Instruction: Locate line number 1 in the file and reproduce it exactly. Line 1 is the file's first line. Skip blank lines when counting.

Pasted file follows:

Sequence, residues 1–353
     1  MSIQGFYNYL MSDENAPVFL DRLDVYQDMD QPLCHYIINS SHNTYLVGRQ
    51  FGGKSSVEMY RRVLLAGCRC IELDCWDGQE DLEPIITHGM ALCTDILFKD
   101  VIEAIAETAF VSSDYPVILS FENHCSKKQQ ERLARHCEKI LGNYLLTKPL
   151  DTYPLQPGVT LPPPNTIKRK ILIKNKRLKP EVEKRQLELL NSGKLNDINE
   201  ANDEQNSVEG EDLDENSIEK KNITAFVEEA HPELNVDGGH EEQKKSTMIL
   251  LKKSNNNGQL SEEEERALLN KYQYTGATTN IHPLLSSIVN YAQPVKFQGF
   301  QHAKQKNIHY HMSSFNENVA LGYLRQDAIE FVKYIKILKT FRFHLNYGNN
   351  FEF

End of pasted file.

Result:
Sequence, residues 1–353